I’ve also found that faculty of color can be unwitting enablers and critics of ethnic studies. More than a decade ago, I attended an academic conference in a Midwestern city. I took part in a conversation with several other 30ish and early-40ish Black academics about our respective institutions, families, scholarship, career goals and so forth. The conversation eventually moved on to ethnic studies. Two of the academics attempted to make the same antiquated argument that the discipline was, in essence, subpar.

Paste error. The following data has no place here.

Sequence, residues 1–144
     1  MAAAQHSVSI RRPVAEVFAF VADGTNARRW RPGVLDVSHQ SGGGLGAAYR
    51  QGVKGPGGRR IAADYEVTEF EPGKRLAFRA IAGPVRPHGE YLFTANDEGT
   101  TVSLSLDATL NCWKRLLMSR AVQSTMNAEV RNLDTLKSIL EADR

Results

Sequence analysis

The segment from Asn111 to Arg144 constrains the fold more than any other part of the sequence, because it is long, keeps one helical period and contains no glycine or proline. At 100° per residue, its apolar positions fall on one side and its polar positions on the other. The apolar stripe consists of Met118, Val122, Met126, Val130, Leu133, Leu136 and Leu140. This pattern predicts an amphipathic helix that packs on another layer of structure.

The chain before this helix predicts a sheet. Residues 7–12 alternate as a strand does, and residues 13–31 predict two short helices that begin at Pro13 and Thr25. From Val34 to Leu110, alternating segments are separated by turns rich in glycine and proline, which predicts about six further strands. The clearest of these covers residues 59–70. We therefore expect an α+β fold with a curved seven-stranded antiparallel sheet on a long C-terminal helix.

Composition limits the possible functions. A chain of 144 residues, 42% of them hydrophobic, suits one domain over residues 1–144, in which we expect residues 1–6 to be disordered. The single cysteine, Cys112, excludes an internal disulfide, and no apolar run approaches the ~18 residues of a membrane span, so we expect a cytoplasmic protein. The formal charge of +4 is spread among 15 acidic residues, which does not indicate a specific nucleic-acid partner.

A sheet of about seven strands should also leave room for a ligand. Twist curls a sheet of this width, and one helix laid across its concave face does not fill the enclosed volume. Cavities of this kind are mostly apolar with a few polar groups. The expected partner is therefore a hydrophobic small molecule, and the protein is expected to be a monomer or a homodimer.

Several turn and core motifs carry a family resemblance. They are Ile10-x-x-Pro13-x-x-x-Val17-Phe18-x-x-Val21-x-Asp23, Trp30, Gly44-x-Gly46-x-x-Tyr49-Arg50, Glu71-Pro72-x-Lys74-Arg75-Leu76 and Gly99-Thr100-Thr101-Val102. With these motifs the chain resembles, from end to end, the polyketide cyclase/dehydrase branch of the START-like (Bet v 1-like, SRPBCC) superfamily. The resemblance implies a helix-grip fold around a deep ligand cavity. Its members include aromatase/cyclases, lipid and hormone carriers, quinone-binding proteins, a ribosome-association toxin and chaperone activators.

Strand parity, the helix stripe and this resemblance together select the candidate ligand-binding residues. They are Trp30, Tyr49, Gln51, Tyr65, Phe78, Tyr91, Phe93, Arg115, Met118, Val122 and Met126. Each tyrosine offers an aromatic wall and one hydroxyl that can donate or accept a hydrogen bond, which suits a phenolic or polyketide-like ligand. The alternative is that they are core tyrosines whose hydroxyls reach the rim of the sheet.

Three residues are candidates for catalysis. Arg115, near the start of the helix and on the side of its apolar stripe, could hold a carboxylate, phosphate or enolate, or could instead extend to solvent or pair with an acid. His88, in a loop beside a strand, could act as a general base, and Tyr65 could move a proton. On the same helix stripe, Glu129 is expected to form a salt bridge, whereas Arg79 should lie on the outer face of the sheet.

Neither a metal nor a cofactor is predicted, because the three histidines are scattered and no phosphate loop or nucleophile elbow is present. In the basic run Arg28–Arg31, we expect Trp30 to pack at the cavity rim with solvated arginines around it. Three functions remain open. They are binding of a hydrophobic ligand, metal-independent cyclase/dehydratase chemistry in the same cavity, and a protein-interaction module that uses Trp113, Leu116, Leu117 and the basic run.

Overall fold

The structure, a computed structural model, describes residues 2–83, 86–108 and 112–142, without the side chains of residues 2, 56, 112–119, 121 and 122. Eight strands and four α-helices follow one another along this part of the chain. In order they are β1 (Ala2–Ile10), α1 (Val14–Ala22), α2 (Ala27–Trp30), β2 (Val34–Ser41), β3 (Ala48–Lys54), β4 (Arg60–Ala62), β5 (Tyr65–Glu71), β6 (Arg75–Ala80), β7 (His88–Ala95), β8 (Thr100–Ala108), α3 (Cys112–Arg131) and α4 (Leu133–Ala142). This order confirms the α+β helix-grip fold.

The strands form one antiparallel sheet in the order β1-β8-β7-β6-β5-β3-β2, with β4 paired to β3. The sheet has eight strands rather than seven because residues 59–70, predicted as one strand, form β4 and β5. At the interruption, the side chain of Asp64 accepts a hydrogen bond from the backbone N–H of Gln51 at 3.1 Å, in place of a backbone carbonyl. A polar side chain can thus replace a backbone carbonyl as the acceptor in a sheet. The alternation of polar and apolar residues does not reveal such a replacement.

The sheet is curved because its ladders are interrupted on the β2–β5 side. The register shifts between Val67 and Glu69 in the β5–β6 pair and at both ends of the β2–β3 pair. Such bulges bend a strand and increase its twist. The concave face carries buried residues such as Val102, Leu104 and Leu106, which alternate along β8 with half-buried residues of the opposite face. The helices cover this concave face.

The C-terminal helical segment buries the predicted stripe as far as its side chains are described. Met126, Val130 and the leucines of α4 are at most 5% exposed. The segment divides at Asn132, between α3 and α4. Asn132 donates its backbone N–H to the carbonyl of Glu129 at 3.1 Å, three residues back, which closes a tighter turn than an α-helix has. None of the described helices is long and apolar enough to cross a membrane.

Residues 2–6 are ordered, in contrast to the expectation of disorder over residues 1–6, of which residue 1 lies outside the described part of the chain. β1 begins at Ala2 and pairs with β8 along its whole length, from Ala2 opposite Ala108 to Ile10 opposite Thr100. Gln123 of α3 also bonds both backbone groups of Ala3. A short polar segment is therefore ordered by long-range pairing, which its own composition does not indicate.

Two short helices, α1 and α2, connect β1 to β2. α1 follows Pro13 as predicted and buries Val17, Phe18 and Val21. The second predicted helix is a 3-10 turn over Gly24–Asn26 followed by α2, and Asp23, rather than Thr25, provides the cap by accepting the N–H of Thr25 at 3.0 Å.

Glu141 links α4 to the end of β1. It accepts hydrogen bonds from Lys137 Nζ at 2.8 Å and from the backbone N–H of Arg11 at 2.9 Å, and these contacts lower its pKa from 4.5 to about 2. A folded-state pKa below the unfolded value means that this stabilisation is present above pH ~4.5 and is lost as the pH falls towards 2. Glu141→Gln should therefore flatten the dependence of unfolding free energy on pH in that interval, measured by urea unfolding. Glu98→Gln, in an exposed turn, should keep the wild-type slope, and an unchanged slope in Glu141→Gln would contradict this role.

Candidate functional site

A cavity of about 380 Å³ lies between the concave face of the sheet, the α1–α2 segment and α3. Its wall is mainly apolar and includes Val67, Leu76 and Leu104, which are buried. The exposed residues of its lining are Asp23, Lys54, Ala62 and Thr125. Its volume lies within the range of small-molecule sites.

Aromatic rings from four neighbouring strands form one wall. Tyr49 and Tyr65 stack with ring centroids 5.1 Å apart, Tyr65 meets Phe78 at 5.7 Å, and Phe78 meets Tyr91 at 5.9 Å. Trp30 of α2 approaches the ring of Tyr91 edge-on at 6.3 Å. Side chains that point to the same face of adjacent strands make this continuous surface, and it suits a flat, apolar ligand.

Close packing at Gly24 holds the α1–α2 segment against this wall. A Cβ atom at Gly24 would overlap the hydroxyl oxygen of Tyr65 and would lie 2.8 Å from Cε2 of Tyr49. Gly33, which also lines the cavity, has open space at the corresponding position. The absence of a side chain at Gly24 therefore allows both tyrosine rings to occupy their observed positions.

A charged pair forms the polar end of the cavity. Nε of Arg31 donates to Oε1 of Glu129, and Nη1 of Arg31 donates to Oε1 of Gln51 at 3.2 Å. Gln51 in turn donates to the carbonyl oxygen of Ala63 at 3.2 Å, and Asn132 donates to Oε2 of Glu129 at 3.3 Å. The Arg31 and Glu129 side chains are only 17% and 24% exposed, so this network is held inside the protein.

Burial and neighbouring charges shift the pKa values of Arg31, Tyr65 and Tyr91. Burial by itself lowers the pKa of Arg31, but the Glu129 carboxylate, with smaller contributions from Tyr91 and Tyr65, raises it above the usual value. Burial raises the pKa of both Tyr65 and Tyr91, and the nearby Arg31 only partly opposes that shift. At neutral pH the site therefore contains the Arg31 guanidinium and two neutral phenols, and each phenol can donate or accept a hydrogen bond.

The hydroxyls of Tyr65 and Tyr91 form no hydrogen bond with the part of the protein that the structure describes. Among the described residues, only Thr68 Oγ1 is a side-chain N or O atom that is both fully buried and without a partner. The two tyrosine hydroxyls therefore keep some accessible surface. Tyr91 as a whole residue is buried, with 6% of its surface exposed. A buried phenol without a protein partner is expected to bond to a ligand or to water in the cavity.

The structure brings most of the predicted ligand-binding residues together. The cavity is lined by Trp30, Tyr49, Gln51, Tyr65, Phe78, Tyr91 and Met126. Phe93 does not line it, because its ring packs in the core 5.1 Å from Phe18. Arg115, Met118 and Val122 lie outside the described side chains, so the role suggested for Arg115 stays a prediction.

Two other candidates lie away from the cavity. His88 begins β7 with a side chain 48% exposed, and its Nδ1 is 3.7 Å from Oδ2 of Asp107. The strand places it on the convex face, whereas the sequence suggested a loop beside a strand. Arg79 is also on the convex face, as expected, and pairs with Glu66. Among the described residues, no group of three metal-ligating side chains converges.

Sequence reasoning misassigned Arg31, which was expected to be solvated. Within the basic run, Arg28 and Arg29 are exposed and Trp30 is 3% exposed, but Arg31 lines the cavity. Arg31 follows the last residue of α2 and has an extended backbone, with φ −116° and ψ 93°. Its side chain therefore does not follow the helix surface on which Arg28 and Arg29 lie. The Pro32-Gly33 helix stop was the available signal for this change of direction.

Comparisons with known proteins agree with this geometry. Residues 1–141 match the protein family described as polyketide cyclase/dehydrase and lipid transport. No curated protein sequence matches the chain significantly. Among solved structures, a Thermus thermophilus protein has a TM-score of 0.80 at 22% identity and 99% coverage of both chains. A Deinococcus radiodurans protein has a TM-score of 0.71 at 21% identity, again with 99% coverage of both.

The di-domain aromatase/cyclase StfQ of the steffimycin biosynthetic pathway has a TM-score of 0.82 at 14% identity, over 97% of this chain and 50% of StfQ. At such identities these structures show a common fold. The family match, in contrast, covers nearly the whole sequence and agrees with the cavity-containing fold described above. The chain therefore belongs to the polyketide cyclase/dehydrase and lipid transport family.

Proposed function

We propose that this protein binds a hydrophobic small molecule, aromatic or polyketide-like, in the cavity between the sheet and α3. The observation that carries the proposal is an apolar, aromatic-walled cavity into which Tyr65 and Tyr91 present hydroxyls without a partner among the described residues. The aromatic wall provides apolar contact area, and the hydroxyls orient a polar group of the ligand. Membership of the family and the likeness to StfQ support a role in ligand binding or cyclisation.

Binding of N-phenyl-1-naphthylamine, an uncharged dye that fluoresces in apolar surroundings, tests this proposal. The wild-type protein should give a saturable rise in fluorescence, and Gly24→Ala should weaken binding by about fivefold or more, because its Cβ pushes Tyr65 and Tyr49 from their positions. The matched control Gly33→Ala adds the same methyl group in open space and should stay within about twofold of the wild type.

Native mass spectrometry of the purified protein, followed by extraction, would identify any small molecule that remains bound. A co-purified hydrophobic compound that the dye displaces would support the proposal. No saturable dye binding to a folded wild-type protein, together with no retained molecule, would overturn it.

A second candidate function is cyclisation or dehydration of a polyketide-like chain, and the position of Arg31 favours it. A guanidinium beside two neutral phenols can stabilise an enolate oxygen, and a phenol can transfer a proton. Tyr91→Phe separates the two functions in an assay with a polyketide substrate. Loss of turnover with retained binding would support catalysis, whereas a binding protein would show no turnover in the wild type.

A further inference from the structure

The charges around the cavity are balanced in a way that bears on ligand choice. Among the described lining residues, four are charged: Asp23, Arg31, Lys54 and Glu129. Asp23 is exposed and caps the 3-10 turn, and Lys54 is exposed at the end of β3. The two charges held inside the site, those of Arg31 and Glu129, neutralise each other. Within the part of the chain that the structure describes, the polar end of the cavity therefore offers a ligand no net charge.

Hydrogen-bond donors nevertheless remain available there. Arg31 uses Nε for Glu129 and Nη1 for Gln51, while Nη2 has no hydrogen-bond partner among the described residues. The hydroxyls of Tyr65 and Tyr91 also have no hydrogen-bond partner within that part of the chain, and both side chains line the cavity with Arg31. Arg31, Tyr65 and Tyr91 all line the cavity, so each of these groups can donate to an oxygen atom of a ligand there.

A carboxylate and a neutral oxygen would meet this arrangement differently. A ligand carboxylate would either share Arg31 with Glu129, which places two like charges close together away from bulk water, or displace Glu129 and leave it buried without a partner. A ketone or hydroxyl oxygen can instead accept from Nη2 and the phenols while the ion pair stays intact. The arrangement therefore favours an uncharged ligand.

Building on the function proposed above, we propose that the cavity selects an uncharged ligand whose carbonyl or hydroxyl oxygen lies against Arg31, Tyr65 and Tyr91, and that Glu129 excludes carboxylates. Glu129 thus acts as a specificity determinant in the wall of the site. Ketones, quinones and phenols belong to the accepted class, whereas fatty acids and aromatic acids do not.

This set off a spirited, yet civil, debate among most of us in attendance. The vast majority were proponents of ethnic studies for practical, logical, defensible and obvious reasons. However, some of my fellow colleagues were dismissive or, at the very least, ambivalent about the discipline. While I am well aware that no group of people united by race, ethnicity or religion is monolithic, I did assume that well-educated people who, no doubt, had experienced some degree of racial or gender adversity in their lives would be more proactive and progressive in their thinking. In fact, anyone who lived in the United States of America before the mid- to late 1980s would have been exposed to some level of racial animosity on some level. The fact that these were educated academics of color made this experience even more disheartening, although not despairing or dehumanizing.